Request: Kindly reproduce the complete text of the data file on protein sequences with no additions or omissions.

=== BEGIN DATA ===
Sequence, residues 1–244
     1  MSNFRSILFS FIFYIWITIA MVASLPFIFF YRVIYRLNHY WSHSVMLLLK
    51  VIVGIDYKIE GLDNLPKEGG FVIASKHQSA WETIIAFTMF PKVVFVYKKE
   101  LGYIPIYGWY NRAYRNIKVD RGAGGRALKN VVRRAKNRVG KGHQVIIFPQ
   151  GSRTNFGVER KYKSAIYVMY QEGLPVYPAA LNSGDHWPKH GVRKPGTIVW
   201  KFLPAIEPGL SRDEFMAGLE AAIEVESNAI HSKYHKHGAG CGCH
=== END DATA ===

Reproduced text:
Sequence, residues 1–244
     1  MSNFRSILFS FIFYIWITIA MVASLPFIFF YRVIYRLNHY WSHSVMLLLK
    51  VIVGIDYKIE GLDNLPKEGG FVIASKHQSA WETIIAFTMF PKVVFVYKKE
   101  LGYIPIYGWY NRAYRNIKVD RGAGGRALKN VVRRAKNRVG KGHQVIIFPQ
   151  GSRTNFGVER KYKSAIYVMY QEGLPVYPAA LNSGDHWPKH GVRKPGTIVW
   201  KFLPAIEPGL SRDEFMAGLE AAIEVESNAI HSKYHKHGAG CGCH